So I first heard Blu rap in probably 2008 at Chop Suey when he was headlining a short-run tour with Macklemore. I went mainly to hear Macklemore and also to infuse utterly meaningless daps/handshakes with meaning; I was, after all, rapping locally at the time. And so my expectations were blessedly underdeveloped when he, Blu, tall with lank, entered with a minimally affected gait which communicated to me that he was a) cool; b) relaxed; and c) this way all the time. As he pumped through material mostly from Below the Heavens, I realized I was now a fan, possibly a die-hard one. While his stage presence was without the emotive magnetism Macklemore wielded even then, Blu’s mic command bordered on mastery, and he engaged with his material tangibly, sincerely; he moved.
Since then, I’ve held up my end of the bargain, purchasing with real money, in addition to Below the Heavens, his Johnson & Jonson project with Mainframe and C.R.A.C. Knuckles with Ta’Raach, and minded to consume mostly everything with his name on it. Some projects left me unfulfilled as follow-ups often do, my own expectations imposed more tyrannically with each passing year, but I wasn’t mad. (Like, I was mad at Common.)The subsequent projects I’ve heard did seem somehow less earnest, more prone to surfeits of rhyme-strings that, while exhilarating for their deftly rendered density, too often lacked his initial extra-terrestrial subtlety.
Over the past couple years, weird rumors about his on tour persona, an embarrassing Twitter exchange with Schoolboy Q, and released-but-not-finished projects have briefly presented themselves in my hours of internet window-shopping. On Wednesday I went to Neumos for his show with Nu Era and Tiron & Ayomarie. After they, respectively, did their best to counteract the lack of energy that accompanies a crowd ill-sized for a room, Blu walked on stage in a black letterman-ish jacket before he faced the crowd and began rapping.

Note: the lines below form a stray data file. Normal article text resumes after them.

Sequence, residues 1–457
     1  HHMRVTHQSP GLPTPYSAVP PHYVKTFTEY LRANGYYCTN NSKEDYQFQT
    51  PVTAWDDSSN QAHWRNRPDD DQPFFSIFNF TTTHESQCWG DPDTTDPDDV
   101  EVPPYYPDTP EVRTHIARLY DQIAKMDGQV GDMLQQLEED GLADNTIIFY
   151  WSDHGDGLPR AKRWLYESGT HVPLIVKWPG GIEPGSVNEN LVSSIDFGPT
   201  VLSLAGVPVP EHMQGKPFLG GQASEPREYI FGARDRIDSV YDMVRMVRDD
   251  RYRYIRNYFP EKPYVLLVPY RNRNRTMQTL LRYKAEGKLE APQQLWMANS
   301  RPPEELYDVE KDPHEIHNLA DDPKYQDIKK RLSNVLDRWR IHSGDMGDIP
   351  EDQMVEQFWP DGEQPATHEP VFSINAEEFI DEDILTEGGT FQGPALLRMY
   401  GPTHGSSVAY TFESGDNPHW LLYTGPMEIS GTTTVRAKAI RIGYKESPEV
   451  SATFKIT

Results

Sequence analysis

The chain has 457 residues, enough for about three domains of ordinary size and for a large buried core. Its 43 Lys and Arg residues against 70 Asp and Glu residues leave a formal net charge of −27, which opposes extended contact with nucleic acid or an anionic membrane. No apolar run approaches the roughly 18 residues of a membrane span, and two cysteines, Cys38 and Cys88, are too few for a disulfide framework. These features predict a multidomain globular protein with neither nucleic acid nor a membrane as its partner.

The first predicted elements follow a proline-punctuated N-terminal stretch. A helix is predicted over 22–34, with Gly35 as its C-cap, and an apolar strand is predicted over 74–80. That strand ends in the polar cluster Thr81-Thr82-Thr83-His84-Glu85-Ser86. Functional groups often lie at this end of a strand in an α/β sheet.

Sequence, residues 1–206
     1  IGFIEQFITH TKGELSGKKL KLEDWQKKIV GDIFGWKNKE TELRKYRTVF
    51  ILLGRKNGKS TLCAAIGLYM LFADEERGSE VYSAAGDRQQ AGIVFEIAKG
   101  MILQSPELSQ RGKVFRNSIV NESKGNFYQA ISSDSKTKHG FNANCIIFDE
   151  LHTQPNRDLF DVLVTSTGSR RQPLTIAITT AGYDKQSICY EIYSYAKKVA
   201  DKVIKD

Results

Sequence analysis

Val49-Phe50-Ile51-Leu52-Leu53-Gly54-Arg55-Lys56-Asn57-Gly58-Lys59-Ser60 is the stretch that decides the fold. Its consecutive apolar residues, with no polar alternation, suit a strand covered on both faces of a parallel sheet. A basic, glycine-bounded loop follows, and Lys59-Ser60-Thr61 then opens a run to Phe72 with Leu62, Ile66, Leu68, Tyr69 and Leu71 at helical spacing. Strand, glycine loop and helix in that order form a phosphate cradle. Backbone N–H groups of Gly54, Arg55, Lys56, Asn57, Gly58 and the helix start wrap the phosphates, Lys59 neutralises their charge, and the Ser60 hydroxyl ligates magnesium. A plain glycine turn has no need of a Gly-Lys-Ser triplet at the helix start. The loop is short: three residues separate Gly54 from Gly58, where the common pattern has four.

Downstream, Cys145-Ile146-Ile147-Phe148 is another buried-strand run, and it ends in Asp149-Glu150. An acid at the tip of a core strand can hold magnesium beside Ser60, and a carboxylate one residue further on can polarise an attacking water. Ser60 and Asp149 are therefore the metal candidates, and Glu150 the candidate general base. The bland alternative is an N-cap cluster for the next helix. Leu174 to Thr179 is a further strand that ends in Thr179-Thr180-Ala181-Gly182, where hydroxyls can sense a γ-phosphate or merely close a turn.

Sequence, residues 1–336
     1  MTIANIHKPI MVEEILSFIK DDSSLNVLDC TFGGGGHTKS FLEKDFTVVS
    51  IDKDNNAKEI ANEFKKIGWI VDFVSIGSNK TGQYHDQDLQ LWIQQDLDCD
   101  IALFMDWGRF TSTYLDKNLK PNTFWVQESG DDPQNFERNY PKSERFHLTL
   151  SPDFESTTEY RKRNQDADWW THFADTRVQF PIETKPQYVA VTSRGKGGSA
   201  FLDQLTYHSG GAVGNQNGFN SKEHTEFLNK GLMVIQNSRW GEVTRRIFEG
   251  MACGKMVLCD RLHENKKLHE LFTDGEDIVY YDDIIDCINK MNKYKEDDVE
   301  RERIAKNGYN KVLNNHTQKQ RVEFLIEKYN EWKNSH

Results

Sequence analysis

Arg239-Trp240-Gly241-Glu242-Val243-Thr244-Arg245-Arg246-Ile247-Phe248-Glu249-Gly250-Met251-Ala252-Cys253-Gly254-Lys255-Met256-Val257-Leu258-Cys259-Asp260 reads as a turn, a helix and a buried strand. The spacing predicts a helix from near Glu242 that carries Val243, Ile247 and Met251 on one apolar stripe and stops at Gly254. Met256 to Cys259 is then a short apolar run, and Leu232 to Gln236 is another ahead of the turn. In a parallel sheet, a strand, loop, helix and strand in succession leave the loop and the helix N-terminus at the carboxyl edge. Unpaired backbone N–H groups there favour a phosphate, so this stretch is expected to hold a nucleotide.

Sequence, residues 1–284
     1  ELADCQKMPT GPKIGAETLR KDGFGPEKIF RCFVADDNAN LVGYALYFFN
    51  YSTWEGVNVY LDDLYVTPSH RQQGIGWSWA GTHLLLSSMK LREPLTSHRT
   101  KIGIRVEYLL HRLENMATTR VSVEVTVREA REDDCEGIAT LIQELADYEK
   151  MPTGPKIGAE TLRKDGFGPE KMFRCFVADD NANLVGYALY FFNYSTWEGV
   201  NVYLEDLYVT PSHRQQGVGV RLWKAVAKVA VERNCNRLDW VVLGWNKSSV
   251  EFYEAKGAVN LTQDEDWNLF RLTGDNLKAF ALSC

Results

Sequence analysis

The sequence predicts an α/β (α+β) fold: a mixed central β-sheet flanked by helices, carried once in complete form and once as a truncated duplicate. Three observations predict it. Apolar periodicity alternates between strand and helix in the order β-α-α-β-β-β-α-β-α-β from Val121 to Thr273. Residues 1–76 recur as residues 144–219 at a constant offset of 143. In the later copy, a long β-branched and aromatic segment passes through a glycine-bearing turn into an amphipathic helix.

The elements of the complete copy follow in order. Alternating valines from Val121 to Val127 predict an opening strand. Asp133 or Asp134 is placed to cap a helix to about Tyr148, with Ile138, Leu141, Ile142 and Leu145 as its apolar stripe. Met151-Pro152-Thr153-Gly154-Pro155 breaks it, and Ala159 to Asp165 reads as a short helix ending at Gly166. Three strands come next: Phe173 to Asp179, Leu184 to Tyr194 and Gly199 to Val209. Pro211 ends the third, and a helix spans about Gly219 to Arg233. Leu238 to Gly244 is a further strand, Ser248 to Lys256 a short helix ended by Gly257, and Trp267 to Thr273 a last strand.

I was again struck by how his voice, a little more weathered, a little less vibrant, still cut through the live mix and sprinted out in front of the beat, an immeasurable task for a lesser MC. He stood still, mic arm acutely angled, delivering his opening verse with a steely gaze I attributed to stoicism. After the intro, he deflatedly mused that they would be running through a few songs. (Translation: “I’m going to do as little of Below the Heavens as possible.”) He began with the ‘My Name Is’, spit about 8 bars, stopped as if awaiting the next in a pre-sequenced medley, waited, turned to his DJ, Bombay, who focused intently on his laptop showcased a sort of grin, and did nothing. After the beat continued inexorably, Blu relented and re-spit the same 8 bars, tried to continue and either ran out of steam or forgot the verse’s remainder. He trudged through bits of “Dancing in the Rain” and others, mumbling or leaving hooks un-sung/rapped.
During this stretch he repeatedly turned to Bombay, not unlike a child looking to a parent or friend for help when being bullied. Bombay never seemed to pick up on Blu’s gaze and continued staring into his laptop. The overall message was confusing: if there aren’t technical difficulties, why is Blu continuing to turn toward Bombay; and if there are difficulties, why is Bombay so set on acting like everything’s cool? He, Blu, soon planted his feet perpendicular to the audience, gazing blankly toward stage right when he wasn’t turning back at the waist.
Halfway through the set Blu was rapping primarily with his back to the audience and saying nothing between songs. At one point Tiron & Ayomarie returned for a couple songs, during which Blu meandered toward the back of the stage and, if I had to guess, wasn’t really listening. I couldn’t help but wonder if his disinterest was maybe malicious, and whether or not he was actively punishing us for being there. My defensiveness soon gave way to worry, because it ultimately didn’t seem like malice or even disinterest so much as a very real longing to get off stage. In fact, he tried to end his set 3 times; each time, though, Bombay either didn’t hear him or did and slyly ignored him, possibly aware of a contractual time obligation. I’m speculating. Regardless, after the third ‘last song’, Blu quickly said he was done, looked at the crowd for what seemed like the first time in ages, and made an “I’m done” hand-gesture. Then he walked off stage.
This is not the first ever review of this kind about a Blu show. After a cursory Google search just now, I see that a lackluster/infuriating performance has been blog-documented on at least two other occasions. And rap performance is a tricky animal, because the traditional set up (rapper, DJ) lacks the built in this-is-happening-right-now dynamic of other set ups, and not much other than an artist’s singular charisma has a chance of reinvigorating a crowd doomed to watch in the same manner one watches a sitcom re-run. But what differentiated this from other thoroughly unenjoyable shows I’ve seen is the hopelessness I felt more than heard, from an artist who 5 years ago made me feel the exact opposite.